ORIGINAL BLOG: Investors are always looking for the next ‘hot spot’ and while many people may have missed the boat on Sydney’s inner city areas, there are still affordable suburbs further out that are showing the early signs of gentrification.
Gentrification refers to the migration of higher income households to lower income neighbourhoods where the renovation of rundown commercial and residential property ultimately changes the character and physical appearance of the area.
For investors and home buyers, the possibility of gentrification of an area is seen as a smart long-term decision offering the ability to buy into an affordable area that could offer capital growth over time.
However, gentrification also has its critics and is seen as being particularly damaging to the diversity and the unique character of an area.
In addition it is often blamed for pushing out the elderly and less affluent residents of a neighbourhood – usually in public housing – because of increasing property and rental prices. The the controversial closure of the Sirius apartments in the Rocks is a timely example.
Redfern’s gentrification in recent years has seen property prices and rents soar, with the median rent now at $830 a week for a house, and $580 for a unit. To illustrate how much it has changed the average house in Redfern cost just $592,000 in 2007 compared to today’s hefty $1.325 million price tag, according to figures from realestate.com.au.1
Where people are buying in Sydney
Whether people are looking for a home that needs only a small amount of work, a full renovation or even a demolition/rebuild, it is seen as important that they identify an area during the early stages of gentrification so they can maximise their investment.
However, predicting the next hot spot is never easy and an analysis of the real-estate pages will reveal umpteen widely different suggestions across Sydney.
It is often reported that the key is to get in early and be prepared to wait it out as gentrification is never an overnight process. For example, the inner Western suburbs of Marrickville, St Peters and Dulwich Hill were being touted as great investments at least 15 years ago but have only more recently begun feeling the flow-on effect from the successful gentrification of Newtown.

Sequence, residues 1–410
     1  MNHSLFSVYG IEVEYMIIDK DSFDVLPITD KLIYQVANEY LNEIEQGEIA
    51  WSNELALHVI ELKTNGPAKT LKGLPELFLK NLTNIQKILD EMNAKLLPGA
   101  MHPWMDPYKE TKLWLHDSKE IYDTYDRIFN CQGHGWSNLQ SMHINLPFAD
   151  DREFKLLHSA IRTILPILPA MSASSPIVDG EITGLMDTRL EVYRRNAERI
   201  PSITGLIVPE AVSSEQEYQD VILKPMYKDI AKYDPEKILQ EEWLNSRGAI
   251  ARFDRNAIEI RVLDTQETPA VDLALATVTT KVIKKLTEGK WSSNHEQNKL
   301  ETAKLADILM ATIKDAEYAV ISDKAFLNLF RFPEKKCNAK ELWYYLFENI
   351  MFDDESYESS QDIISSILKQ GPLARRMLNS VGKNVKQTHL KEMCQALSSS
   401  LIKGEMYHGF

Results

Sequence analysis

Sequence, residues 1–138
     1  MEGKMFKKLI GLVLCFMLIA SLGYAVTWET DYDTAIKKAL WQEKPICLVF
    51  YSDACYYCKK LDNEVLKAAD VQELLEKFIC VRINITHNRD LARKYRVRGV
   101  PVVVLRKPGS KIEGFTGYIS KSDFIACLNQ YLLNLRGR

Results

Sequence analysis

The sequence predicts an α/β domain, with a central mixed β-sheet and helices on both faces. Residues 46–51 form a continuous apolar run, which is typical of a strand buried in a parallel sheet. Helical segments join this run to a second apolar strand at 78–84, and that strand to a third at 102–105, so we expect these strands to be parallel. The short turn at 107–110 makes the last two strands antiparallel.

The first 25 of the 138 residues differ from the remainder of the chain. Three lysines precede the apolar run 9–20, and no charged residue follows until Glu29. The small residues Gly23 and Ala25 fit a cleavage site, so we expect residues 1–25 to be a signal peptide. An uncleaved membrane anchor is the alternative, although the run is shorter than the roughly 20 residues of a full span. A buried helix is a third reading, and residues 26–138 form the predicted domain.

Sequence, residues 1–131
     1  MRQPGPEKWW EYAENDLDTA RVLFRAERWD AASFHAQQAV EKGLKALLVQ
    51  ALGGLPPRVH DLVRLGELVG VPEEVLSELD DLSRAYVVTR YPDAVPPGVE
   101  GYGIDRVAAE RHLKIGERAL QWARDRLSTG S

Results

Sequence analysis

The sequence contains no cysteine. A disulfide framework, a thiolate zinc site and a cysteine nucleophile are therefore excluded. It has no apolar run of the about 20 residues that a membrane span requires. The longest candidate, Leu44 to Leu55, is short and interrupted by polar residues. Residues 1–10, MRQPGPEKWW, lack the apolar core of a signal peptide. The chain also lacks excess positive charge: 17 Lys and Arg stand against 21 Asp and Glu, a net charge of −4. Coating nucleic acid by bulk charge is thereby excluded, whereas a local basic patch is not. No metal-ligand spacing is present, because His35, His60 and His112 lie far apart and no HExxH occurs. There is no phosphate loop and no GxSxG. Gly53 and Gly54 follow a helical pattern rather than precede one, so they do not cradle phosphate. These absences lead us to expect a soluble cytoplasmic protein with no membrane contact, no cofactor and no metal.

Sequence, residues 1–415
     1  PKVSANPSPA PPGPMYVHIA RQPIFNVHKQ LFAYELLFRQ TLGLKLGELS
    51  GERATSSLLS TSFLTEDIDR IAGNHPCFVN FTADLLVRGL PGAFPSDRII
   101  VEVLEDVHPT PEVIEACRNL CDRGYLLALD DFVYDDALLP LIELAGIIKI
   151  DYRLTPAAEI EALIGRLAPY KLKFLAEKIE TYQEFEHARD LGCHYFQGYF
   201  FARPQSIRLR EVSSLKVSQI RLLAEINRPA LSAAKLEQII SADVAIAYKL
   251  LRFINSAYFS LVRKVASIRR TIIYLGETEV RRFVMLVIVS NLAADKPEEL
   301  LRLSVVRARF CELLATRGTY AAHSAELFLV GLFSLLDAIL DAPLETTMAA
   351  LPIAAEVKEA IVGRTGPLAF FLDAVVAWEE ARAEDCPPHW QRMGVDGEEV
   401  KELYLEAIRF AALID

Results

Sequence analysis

‘Cultural gentrification’ is another trend happening across Sydney. Following in the footsteps of Leichardt – our own Little Italy – cultural gentrification is also happening in areas such as Chatswood and Hurstville with its growing Chinese populations. Harris Park, next door to Parramatta and known by locals as ‘PIND’ – Little India – is another area often named for its growth and investment potential.
The Greater Sydney Commission chairwoman, Lucy Turnbull has identified Granville, Dundas, Telopea and Carlingford – all less than 15 mins by train or road to Parramatta – as among key residential areas which will benefit from the ambitious development plans being cited for Western Sydney.2
She has also said that high levels of population growth are expected around other major hubs, such as Blacktown.2
Identifying signs of gentrification
People will often consider purchasing or investing in properties in surrounding suburbs that are experiencing the ripple effect of gentrification.
There are reported signs that may indicate that suburbs are on the rise and these include:
- a rise in median property prices
- plenty of rundown housing
- concentrations of new housing and renovations
- local announcements like rezonings
- government investments
- community infrastructure, e.g. new residential communities, expansion or redevelopment of hospitals, schools
- new transport infrastructure
- schools with good academic results
- newly opened cafes and stores
- changing demographics towards a more professional crowd
- Council statistics on increasing population and incomes, decreasing unemployment and improving levels of education among residents
- Council and Chamber of Commerce activity and news
- locations close to beaches, waterways and parks.